December 10, 2014

Consumers rate marketing preferences

Filed under: Marketing Quick-Tip — admin @ 9:57 am

How consumers prefer to receive marketing messages

Consumers prefer to receive marketing messages, special offers, and coupons from brands via email more than any other communication channel, according to a recent report from Message Systems.

Here’s the specific percentages:

Email    31.79
Phone    29.43
Other    22.46
Online Chat    9.41
Social Media    6.92

My personal addition to this would be, regardless of the medium chosen – keep it brief.


November 25, 2014

Be thankful for a tank full.

Filed under: Marketing Quick-Tip — admin @ 11:47 am

Those of us who rely on creativity in serving our clients must first have the “mental energy” to be creative in thought and action. It’s really no different for you in your business.

The foundation of energy – physical or mental – is rest. Don’t be afraid to take a little extra time off to rest and, even, have a little fun this Thanksgiving. Fill up your tank with renewed energy and you’ll be a better source of what ever it is you are paid to produce.


November 19, 2014

Does the medium match the message?

Filed under: Marketing Quick-Tip — admin @ 4:39 pm

Almost everyone (93%) campaigns by email these days. This can be very effective inasmuch as frequency in marketing communication is important. But surface direct mail is far from being a sideshow with knowledgeable marketers (69% utilize it). If you automatically use email newsletters because they’re relatively cheap, think again. Two–thirds of marketers still get great results from the envelope. If you’re not, you may be missing a trick.

They work because, to your prospect, it’s apparent that you’ve put in more care and effort to reach them. That extra effort is what gives “traditional” media its added oomph–typically 10–100 times that of a plain–vanilla emailing. If you’ve got a special message to convey, consider getting “beneath the surface” – not away from it.

Our new Refresh! surface–plus–online campaign is a particularly good example of this. Ask me why.


November 12, 2014

Tips for increasing newsletter openings

Filed under: Marketing Quick-Tip — admin @ 10:32 am

A recent report based on 62,000 email newsletter campaigns indicated the following suggestions for increasing click–thru rates:
Send on Mondays or Tuesdays.
Avoid weekends (though, curiously, Sundays scored the best click–thru percentages).
Send out between 8 a.m. and noon (rates peak–out at 10 a.m., and decline slowly thereafter).
Limit subject line to from 4 to 15 characters (though 16–27 characters didn’t score badly).
My best advice for stimulating opening rates has to do with content. It is: send relevant, helpful messages, as opposed to blatant selling blasts. In other words, send “ham” – not spam!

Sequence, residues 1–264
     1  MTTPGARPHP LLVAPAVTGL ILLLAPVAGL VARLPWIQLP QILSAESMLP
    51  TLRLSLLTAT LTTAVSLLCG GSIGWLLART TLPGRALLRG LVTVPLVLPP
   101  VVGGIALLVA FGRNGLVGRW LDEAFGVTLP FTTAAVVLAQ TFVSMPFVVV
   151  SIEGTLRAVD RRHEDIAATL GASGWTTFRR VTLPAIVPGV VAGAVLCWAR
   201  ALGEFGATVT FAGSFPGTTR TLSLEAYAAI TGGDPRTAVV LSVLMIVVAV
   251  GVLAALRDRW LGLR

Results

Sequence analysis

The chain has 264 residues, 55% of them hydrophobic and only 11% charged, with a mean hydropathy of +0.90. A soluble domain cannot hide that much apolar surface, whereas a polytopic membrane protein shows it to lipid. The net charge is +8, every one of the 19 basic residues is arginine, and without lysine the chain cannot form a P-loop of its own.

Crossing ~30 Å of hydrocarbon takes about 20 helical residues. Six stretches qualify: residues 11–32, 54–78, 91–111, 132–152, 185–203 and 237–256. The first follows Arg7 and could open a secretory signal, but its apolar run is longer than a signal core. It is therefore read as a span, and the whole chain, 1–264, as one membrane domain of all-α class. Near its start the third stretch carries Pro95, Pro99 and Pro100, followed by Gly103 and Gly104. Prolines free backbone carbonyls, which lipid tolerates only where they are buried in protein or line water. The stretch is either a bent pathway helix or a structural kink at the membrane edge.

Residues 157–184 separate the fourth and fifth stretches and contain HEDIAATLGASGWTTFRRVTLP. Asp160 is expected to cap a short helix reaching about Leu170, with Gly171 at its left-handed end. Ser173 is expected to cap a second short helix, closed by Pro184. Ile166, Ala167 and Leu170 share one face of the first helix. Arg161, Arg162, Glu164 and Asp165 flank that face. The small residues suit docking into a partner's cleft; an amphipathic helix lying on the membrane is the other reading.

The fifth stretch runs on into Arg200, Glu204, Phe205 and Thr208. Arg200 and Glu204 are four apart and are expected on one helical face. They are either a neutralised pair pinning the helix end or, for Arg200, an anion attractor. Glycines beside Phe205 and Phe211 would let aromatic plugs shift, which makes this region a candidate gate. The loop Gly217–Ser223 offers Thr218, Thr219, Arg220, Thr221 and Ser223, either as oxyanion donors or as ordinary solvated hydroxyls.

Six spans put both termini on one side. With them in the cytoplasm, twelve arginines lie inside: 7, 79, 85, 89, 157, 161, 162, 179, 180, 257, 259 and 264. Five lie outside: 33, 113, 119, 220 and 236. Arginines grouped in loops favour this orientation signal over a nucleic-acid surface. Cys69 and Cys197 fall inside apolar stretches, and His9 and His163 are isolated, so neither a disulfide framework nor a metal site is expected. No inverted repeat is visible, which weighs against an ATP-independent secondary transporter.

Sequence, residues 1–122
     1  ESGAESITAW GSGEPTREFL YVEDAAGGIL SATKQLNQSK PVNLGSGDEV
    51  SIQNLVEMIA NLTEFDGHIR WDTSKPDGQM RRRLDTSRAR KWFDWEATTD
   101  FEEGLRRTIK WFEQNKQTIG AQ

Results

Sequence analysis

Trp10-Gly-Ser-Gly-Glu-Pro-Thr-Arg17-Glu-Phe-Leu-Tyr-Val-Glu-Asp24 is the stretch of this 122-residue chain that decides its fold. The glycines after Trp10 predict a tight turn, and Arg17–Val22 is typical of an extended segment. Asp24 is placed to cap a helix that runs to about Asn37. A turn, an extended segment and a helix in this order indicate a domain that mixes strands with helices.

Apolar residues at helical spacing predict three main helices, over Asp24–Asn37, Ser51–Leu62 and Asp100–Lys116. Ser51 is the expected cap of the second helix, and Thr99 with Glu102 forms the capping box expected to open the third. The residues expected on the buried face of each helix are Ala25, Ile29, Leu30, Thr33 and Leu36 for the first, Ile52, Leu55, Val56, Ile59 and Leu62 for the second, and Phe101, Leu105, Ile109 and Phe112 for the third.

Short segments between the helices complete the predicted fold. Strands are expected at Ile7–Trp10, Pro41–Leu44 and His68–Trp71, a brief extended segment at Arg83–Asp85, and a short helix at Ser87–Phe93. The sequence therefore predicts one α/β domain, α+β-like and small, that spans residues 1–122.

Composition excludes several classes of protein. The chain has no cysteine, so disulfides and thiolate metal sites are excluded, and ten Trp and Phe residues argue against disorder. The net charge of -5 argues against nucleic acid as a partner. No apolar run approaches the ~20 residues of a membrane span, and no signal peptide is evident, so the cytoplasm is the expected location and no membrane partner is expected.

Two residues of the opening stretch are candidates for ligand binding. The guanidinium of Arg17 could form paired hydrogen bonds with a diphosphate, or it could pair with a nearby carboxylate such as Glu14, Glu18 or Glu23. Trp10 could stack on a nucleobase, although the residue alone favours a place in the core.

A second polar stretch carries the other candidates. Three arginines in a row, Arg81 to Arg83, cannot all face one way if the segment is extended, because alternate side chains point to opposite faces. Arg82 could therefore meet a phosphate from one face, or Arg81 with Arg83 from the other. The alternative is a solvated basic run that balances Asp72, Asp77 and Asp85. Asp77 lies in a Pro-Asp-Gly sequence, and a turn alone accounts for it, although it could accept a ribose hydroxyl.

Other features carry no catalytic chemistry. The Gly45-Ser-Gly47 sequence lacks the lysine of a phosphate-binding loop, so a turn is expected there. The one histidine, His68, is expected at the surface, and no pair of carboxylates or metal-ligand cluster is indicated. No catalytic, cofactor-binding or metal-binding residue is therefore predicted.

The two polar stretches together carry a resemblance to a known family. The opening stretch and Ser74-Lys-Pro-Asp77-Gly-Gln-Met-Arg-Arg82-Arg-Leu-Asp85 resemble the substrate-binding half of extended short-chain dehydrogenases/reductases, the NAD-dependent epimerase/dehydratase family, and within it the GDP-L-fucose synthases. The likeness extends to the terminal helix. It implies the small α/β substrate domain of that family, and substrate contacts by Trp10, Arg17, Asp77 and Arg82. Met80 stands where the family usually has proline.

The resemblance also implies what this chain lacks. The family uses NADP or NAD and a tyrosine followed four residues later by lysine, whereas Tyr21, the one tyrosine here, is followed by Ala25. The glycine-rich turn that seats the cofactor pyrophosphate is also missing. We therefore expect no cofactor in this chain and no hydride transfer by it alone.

October 29, 2014

Keep it simple.

Filed under: Marketing Quick-Tip — admin @ 5:15 pm

Strike three.
Get your hand off my knee.
You’re overdrawn.
Your horse won.
You have the account.
Don’t walk.
Mother’s dead.

Basic events require simple language, whereas idiosyncratically euphuistic eccentricities are the promulgators of triturable obfuscation.
What did you do last night? Enter into a meaningful romantic involvement . . . or fall in love?
What did you have for breakfast this morning? The upper part of a hog’s hind leg with two oval bodies encased in a shell laid by a female bird . . . or ham and eggs?
A great American theatrical producer once said, ”If you can’t write your idea on the back of my calling card, you don’t have a clear idea.”
For clear writing, you need not engage a celebrated, widely recognized, overwhelmingly gifted word–smith and grammarian . . . simply call Allan Starr.


October 21, 2014

Is your marketing bright . . . or faded?

Filed under: Marketing Quick-Tip — admin @ 11:46 am

It seems like there’s a lot of “me-too” marketing going on, whether it be on the strategy or the tactical side. This happens when the collective “we” see a strategy or tactic we like, and adopt it with no regard to it being a good fit – or not.

As one critic put it, “there’s a lot of gray out there.”

Marketing communication is not a one-size-fits-all proposition. Do some self-analysis before merely copying an approach that may look promising at first glance.



October 14, 2014

Advertising and marketing – a critical difference

Filed under: Marketing Quick-Tip — admin @ 1:57 pm

Oversimplified definitions of these two disciplines is:

  • Advertising is selling what you have.
  • Marketing is having what will sell.